The result? Employers have changed their tune from office centric to supportive centric – giving employees work-life balance and flexibility. Supporting and encouraging employees. Something that has been a long time coming. 

Mental health awareness is – because of this supportive culture – also on the increase. Companies around the world have made huge strides in prioritising their employee’s health and wellbeing (both physically and mentally), aligning their corporate culture more closely to the personal values of its employees. 

A trend that we hope will continue even as we enter the next normal. 

Deloitte authored an interesting article on encouraging employee engagement. Read it here.

But lockdown didn’t just bring about work from home situations, an improved work-life balance or taking mental health seriously (all admittedly good things), it had other surprisingly good outcomes –



There was no choice. It was a sink or swim situation. Employees (and their employers) had to adopt technology. They had to develop new skills and gain knowledge (fast) in how to work effectively from anywhere. The legal profession is no exception to this. It was either embrace and incorporate tech into your company, store data on the Cloud or close your doors. Permanently. And there is no denying that all these new skills gained, and tech embraced has helped businesses continue to thrive after lockdown ended. It was a crash course worth taking. Some would even argue that it should have happened sooner.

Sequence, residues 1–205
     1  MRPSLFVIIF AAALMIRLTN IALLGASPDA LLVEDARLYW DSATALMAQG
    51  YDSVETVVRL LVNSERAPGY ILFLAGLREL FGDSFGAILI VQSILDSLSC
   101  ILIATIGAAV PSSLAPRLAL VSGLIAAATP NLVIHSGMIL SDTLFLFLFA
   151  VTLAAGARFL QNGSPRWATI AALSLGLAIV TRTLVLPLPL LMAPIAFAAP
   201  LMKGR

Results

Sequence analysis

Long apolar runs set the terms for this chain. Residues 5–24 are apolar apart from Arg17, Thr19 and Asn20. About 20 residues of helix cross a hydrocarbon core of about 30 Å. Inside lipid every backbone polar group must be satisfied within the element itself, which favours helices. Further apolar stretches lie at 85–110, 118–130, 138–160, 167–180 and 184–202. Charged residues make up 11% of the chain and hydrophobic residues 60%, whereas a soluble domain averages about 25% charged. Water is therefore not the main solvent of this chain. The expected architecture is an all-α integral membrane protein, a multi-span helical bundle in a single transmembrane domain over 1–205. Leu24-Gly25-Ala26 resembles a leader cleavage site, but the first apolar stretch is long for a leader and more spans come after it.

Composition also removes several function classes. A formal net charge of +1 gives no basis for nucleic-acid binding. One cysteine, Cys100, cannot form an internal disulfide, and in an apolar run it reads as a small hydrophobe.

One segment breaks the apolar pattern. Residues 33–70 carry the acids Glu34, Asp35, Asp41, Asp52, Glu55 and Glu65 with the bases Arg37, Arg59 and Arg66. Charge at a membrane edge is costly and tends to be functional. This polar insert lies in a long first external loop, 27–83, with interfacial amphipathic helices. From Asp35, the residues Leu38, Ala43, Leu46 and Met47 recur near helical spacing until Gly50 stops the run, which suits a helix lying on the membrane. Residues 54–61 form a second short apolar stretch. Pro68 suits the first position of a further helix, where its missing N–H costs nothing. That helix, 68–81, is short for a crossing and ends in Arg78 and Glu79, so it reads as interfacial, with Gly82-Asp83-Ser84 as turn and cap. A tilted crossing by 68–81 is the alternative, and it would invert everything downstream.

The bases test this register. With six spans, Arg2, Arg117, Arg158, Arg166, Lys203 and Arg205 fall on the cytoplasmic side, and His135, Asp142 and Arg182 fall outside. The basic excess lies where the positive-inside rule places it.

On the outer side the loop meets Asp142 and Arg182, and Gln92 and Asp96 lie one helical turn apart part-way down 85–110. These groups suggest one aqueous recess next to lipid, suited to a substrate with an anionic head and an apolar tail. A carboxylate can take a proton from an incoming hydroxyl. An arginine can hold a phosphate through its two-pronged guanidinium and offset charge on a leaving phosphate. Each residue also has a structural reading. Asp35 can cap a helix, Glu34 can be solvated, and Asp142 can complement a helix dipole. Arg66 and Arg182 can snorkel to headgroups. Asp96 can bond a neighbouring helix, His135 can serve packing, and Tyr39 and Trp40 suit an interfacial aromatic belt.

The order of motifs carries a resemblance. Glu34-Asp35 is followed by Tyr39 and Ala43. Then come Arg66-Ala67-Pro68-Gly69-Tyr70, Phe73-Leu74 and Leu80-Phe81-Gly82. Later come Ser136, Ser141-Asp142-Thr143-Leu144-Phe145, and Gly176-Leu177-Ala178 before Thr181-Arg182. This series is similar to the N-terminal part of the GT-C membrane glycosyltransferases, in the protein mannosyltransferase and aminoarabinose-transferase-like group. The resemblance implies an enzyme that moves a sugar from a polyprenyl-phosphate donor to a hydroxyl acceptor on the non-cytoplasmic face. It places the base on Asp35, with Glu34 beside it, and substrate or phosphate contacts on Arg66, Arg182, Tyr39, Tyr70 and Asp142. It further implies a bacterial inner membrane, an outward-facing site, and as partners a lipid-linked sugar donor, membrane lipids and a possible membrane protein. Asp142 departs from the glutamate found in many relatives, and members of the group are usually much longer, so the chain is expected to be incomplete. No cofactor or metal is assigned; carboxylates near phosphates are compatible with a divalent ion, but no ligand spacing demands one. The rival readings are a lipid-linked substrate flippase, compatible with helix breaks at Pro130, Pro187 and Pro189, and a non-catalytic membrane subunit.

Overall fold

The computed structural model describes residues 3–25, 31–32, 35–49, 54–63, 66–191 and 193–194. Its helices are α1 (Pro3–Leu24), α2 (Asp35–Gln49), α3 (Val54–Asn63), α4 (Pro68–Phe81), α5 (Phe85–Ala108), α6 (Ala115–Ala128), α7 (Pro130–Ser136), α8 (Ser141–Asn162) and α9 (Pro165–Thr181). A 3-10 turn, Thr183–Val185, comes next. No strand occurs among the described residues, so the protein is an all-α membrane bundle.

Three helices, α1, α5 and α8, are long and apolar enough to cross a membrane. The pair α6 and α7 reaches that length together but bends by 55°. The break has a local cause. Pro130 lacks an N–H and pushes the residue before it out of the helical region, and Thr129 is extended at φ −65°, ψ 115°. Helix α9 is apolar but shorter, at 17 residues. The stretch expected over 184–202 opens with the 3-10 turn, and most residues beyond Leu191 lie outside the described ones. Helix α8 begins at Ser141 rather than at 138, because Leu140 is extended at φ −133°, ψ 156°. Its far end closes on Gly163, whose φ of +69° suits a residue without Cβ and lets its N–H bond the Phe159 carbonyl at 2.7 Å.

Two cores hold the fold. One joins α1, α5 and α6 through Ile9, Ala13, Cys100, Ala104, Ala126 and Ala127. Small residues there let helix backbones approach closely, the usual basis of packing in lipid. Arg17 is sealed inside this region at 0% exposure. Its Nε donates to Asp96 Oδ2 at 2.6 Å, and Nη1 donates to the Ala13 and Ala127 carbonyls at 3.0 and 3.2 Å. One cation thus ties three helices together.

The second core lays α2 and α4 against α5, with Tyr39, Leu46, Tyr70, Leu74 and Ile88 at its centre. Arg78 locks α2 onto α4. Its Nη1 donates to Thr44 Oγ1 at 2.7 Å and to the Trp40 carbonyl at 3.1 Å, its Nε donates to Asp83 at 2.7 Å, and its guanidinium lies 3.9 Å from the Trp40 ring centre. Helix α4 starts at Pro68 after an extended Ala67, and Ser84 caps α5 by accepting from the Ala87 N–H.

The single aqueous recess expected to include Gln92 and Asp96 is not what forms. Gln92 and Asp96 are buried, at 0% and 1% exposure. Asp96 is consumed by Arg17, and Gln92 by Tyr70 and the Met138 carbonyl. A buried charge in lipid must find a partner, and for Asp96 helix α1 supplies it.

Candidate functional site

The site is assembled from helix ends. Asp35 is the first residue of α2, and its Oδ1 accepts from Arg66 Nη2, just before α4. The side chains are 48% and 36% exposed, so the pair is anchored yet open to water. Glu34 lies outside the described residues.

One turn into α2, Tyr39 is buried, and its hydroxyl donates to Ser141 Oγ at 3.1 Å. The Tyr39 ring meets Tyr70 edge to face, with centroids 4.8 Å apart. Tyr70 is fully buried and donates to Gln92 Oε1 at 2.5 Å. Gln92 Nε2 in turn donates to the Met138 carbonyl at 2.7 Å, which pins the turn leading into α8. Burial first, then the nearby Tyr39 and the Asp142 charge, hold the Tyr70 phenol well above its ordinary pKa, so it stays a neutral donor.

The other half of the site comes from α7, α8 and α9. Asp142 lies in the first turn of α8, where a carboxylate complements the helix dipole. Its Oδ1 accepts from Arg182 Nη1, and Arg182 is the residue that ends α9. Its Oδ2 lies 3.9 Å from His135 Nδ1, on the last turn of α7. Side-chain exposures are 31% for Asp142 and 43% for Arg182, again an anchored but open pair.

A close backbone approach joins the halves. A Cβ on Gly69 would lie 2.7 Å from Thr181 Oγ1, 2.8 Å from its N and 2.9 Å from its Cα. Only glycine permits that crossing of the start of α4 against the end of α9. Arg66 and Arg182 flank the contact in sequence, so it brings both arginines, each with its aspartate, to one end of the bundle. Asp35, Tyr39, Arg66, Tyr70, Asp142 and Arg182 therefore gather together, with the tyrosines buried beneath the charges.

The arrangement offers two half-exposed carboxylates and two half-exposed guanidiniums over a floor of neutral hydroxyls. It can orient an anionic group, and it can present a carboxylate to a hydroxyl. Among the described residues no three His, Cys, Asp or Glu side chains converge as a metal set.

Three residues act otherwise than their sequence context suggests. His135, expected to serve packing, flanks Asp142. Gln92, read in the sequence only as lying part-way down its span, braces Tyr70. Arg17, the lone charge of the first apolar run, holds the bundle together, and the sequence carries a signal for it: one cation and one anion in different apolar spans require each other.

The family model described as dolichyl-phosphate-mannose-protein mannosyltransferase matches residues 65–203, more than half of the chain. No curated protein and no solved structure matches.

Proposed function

Remote working has resulted in an expectation of access to platforms and set ups to enable a “work from anywhere” attitude or put differently, an expectation of productivity from anywhere. 

Powered by the remote work and hybrid models, employees expect to be able to access all their files required to do their jobs effectively regardless of their physical location. And whilst this great, it can cause a bit of a headache for IT departments who need to ensure the security of sensitive information and data. 

There is thus a pull between productivity of employee’s vs security of data. 

This is where companies need to take a step back and assess the primary risks facing their business. From there, there should be a full evaluation of all new tech brought into the company that supports the remote/hybrid shift and audit the security of these applications. Once companies know what’s what, they can determine the best strategies and mitigations for addressing threats while simultaneously balancing employee productivity. 

Therefore, bringing focus to and investment in cyber security (which is crucial nowadays).

An interesting read on optimism in the tech space is The Next Normal in Technology: A Cause for Optimism by Carey L. Oven and Scott Buchholz